“World War II was a major boon for Maria,” said Zimmerman. “There was a huge desire to have an action adventure movie that was totally irrelevant and didn’t even make much sense. You could go into the theater and forget what was happening. Her films were the perfect escapist pictures.”
The Queen of Technicolor is assiduously researched and is a meaningful first biography of a woman who deserves to be remembered. The book is fascinating for how its story of Montez’s rise combines elements of the old Hollywood studio system that defined film’s so-called golden age, the cultural and moralistic milieu of the time, and the vast publicity apparatus that allowed Montez to turn the era’s sexism to her advantage. Proving the adage “the more things change, the more they stay the same,” Montez’s story rings true to how famous women get ahead today in our image-saturated wired culture.
She would undoubtedly fit right into our social media age, with its unending string of self-made glamor goddesses best known for being famous. Montez’s sui generis origins, her outspokenness, and her ability to manipulate cultural biases to her advantage are all familiar to today’s influencers. Whereas Montez was ever-dependent on photographers to take glamorous shots of her and newspaper columnists to write up her latest exploits, one can only imagine what she might have done with her own Instagram platform or a reality TV show. It would probably have been fantastic. As Zimmerman commented, “it’s intriguing to think what Maria would have done today, if she had her own social media.”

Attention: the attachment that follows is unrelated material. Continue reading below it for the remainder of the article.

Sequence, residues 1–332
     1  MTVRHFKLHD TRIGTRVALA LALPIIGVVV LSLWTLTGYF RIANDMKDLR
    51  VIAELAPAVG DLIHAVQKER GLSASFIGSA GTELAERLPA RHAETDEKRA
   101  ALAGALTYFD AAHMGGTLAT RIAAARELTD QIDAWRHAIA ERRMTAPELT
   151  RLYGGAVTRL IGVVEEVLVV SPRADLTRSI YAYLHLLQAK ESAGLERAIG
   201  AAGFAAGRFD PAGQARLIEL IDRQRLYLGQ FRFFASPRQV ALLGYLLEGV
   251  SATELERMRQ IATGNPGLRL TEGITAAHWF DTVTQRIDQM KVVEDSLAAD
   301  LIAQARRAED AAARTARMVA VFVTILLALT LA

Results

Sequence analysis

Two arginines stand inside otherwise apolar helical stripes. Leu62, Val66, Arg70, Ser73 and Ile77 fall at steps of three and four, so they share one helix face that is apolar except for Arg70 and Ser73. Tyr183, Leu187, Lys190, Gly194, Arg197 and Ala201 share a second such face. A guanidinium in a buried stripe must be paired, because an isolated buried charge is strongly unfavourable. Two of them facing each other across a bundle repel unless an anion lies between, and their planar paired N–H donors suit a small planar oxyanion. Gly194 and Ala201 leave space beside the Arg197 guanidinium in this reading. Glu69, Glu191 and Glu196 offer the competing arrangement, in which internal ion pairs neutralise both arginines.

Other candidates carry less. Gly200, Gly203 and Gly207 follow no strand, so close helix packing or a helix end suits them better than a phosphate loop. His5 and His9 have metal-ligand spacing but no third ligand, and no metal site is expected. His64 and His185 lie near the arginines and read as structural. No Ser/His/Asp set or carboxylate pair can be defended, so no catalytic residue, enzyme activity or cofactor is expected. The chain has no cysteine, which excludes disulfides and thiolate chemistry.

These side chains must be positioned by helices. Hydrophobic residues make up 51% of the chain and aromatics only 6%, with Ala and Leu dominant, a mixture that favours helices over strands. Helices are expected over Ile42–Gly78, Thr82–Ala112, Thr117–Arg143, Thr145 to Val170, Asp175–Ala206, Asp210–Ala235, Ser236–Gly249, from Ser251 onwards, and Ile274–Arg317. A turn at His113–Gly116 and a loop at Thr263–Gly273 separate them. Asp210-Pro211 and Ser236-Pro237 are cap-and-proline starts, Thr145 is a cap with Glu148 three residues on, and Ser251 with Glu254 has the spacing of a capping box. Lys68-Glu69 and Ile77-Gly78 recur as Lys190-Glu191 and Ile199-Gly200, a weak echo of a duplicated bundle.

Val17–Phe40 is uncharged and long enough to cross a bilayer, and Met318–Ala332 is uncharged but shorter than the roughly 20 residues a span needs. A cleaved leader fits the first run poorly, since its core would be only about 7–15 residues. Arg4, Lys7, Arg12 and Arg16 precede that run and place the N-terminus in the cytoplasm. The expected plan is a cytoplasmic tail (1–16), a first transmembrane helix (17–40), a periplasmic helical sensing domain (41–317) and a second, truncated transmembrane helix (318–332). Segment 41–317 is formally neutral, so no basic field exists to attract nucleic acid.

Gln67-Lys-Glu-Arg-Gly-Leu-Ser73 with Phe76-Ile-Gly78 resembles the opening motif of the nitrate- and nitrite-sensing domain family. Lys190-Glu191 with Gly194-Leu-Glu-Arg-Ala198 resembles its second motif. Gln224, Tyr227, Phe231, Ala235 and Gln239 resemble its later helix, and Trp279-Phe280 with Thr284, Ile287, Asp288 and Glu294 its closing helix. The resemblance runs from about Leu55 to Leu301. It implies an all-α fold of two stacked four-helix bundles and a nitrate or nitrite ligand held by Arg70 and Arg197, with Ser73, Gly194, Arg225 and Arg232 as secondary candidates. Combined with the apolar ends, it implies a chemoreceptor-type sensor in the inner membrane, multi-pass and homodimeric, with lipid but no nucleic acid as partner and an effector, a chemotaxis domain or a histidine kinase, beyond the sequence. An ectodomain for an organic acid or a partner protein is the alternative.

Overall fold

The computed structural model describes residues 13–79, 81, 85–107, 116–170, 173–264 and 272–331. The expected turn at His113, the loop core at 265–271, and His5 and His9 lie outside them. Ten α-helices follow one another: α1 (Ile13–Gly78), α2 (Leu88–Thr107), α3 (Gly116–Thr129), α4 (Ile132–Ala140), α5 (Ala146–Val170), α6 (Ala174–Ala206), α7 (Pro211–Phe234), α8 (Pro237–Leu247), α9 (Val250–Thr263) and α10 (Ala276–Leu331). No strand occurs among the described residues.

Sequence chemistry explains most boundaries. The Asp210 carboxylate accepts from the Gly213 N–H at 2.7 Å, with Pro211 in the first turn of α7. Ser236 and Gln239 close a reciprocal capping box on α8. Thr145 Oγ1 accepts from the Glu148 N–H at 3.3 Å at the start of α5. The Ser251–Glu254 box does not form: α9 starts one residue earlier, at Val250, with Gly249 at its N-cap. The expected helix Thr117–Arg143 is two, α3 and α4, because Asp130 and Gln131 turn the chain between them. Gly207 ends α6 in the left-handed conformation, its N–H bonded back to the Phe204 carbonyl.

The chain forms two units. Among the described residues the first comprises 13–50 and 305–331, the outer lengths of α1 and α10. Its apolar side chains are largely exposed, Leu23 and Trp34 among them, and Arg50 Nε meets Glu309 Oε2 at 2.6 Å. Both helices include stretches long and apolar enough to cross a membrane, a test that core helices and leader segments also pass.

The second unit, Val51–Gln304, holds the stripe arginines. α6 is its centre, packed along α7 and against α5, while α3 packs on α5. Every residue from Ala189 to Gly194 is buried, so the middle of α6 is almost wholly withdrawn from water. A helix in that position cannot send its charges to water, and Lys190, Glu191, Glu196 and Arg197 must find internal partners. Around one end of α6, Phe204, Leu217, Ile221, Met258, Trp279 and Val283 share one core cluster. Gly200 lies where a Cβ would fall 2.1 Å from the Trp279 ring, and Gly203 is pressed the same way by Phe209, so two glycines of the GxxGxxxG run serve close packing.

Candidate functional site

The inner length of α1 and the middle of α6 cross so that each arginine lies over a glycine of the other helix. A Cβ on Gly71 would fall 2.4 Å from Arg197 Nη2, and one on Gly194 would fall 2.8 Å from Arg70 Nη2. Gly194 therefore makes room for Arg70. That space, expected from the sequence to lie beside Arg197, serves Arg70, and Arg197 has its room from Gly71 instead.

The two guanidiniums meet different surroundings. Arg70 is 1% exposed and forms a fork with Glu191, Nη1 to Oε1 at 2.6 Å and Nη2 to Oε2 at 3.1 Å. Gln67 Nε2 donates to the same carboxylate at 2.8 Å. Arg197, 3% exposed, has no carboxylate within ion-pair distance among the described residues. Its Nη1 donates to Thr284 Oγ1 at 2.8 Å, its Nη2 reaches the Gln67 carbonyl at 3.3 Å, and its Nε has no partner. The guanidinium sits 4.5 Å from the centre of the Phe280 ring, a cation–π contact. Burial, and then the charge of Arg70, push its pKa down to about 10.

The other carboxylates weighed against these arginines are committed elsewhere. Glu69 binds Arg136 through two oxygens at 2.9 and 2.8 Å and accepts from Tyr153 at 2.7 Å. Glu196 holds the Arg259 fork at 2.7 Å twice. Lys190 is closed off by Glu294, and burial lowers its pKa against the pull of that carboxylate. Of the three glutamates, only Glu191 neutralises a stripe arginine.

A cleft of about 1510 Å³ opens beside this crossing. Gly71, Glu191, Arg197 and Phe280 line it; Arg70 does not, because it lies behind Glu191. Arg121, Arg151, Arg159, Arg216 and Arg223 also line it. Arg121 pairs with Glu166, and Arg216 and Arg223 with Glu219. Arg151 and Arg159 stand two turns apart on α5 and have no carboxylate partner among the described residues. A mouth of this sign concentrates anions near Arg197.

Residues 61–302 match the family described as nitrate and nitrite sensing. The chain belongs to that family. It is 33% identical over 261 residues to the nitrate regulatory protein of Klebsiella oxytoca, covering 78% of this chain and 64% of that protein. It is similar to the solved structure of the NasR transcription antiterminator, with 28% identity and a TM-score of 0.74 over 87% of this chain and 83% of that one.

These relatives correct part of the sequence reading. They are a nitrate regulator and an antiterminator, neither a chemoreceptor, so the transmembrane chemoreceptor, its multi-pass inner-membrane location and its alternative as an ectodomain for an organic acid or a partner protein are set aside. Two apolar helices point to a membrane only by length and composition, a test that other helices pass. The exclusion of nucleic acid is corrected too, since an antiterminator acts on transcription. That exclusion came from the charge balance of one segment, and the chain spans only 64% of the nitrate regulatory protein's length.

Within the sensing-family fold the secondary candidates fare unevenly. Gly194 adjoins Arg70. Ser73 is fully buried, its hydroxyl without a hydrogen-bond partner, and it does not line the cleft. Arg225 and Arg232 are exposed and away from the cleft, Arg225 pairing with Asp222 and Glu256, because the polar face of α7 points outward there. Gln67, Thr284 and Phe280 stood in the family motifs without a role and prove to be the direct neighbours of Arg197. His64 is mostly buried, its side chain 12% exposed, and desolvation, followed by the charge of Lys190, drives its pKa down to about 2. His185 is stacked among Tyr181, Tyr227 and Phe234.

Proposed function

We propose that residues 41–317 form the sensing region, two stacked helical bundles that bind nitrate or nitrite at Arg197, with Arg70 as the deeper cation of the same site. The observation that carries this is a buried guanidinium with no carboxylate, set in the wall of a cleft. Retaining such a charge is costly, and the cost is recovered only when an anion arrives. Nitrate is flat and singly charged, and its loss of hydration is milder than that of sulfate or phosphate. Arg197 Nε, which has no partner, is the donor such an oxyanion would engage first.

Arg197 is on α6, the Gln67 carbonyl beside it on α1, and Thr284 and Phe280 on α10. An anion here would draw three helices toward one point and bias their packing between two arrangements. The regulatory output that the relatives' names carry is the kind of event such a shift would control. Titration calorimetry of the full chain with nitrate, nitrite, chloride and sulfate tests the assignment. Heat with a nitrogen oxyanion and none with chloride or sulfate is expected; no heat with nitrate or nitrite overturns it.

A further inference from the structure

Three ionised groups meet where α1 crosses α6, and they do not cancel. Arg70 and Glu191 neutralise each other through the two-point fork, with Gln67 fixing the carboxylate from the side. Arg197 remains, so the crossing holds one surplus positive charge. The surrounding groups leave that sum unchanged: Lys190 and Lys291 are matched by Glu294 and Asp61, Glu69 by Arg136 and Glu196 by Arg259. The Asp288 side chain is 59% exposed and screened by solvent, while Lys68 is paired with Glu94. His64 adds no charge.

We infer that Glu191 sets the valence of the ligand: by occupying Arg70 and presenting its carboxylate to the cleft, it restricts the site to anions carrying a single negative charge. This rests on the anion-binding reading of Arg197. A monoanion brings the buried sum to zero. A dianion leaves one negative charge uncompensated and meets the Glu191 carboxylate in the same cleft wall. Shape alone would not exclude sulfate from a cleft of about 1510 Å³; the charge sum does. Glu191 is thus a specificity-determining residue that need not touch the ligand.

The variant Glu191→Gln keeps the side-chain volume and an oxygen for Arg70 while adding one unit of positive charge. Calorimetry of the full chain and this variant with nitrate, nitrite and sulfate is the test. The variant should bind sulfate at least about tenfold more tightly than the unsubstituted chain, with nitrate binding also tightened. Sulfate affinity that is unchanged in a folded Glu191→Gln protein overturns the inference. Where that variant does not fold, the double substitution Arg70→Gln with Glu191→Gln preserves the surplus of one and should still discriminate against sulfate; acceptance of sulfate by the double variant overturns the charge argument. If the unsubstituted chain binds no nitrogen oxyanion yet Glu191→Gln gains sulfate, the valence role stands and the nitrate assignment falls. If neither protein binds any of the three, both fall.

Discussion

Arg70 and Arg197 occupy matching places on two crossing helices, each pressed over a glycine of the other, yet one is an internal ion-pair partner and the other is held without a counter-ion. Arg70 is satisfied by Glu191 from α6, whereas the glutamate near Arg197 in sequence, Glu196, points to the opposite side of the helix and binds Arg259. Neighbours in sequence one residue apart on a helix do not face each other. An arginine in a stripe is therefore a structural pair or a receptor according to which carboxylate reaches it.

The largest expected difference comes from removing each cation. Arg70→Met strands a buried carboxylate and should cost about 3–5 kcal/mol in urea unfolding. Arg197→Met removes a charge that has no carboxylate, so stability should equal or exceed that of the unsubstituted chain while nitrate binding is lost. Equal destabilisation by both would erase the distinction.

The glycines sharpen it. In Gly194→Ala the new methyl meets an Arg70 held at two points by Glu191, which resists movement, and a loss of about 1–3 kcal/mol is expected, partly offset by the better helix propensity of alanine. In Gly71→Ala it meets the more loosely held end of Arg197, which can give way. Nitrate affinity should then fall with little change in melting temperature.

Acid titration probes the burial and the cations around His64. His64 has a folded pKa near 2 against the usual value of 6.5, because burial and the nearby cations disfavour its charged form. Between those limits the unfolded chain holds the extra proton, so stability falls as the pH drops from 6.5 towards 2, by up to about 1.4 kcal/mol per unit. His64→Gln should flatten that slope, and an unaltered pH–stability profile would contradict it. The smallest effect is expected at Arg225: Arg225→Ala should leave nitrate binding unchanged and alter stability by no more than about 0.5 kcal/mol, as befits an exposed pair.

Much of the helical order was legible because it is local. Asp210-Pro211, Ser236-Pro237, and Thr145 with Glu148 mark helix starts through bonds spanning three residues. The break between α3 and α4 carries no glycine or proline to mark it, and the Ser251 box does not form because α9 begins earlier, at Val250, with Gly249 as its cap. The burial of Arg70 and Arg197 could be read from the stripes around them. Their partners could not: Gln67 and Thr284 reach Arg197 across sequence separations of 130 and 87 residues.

Given Montez’s love of outrageous costumes and extravagant vamping, it’s perhaps not a surprise that she ended up becoming a queer icon in the years after her death. She was central to Gore Vidal’s 1974 novel Myron, and she was idolized by artists including the queer underground film legend Jack Smith and Andy Warhol himself.
The Queen of Technicolor never misses a chance to inform us how beautiful, alluring, sexy, gorgeous, leggy or well-endowed Montez was, nor to describe certain body parts and the outfits that barely covered them. It may be that Montez sexualized herself in order to achieve the legendary Hollywood status that she yearned for, but it is another thing, 80 years later, to see the objectification continue in a biography ostensibly dedicated to her power and memory.
That said, it is important to have a book the puts Montez back on the map, and hopefully there will be more where this one came from. Although Montez may not have made great art, her movies were sensual delights that helped audiences imagine other worlds – something most of us can get behind in these enormously stressful times of disease, political upheaval and climate crisis. Her self-confidence and originality also inspired queer communities to embrace themselves, resonating for decades afterwards. Most of all, she seemed to just be having lots of fun – reminding us all to find a little room for joy and glamor in our lives.